Natural Resources, Neither Curse nor Destiny

Natural Resources, Neither Curse nor Destiny

Natural Resources, Neither Curse nor Destiny

Natural Resources, Neither Curse nor Destiny

Synopsis

This collection of articles studies the role of natural resources in development and economic diversification. Novel theoretical, econometric and historical analyses suggest that natural resources per se do not necessarily hamper economic growth nor economic diversification.

Excerpt

This book addresses two key questions for policy makers in natural resource-rich regions such as Latin America: First, is natural resource wealth an asset or a liability for development and, if potentially the former, how can its contribution be enhanced? And second, can countries rich in natural resources efficiently diversify toward manufacturing or service-sector exports?

The first question may seem surprising to many: why would anybody doubt that wealth (of a particular form) is bad? The reality is that specialization in natural resource-based activities has suffered from a kind of “yellow press” among economists for a long time, beginning with Adam Smith. In particular, the work of Prebisch convinced generations of Latin Americans that natural resource-based activities were somewhat inferior to manufacturing, both because of their assumed lack of “technological intensity” and because of the low elasticity of world demand, which would lead to a long-run trend of deteriorating relative prices. Prebisch’s articles were a key intellectual driving force behind the decades of Latin American “import substitution” policies that taxed natural resource-based activities and protected manufacturing. Even today, based on the work of several contemporary authors who have argued that resource-rich developing countries have grown more slowly than other developing countries since around 1960, many in Latin America and Africa feel that these countries should do whatever is needed to shift toward manufactured-led exports. Given the persistence of these views in our region, some years ago the Chief Economist Office of the World Bank began a research program on these issues; the first results were published in the report “From Natural Resources to the Knowledge Economy.” The current book collects updated versions of some of the background papers originally committed for that report and other recent contributions on the subject.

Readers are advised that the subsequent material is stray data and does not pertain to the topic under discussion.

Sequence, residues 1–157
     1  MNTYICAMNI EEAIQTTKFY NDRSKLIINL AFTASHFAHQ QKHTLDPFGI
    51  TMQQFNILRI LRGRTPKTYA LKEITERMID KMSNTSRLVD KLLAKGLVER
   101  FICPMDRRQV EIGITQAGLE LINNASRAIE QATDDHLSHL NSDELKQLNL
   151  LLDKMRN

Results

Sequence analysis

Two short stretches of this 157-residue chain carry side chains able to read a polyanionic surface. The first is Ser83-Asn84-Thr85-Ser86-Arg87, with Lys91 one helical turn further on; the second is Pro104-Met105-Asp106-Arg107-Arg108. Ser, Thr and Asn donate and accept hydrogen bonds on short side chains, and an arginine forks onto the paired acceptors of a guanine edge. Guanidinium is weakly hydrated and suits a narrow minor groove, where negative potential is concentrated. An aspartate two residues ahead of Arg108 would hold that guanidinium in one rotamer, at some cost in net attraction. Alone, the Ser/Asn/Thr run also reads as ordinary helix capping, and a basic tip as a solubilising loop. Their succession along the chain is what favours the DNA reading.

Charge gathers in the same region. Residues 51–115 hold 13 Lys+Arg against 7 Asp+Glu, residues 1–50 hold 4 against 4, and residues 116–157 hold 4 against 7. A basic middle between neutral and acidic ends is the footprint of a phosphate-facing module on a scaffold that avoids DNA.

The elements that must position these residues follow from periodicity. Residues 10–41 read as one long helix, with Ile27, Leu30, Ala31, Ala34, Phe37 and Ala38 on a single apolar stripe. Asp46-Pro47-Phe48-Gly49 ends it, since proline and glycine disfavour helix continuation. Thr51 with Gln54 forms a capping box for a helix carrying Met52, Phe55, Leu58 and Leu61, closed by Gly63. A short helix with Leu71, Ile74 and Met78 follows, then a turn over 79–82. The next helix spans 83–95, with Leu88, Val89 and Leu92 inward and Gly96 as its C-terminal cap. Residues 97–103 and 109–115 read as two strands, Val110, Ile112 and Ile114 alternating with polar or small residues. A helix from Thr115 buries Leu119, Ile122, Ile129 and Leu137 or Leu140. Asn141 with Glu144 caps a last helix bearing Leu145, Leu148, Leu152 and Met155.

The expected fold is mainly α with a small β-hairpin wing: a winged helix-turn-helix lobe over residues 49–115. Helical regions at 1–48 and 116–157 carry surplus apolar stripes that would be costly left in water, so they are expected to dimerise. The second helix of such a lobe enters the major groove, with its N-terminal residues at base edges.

It is true that wealth can be wasted and can lead to destructive behaviors. There are many examples in the developing world of natural resourcerich societies that have become immersed in “rent-seeking” activities and even in civil strife. But is this the general rule? Isn’t it true that many of the . . .

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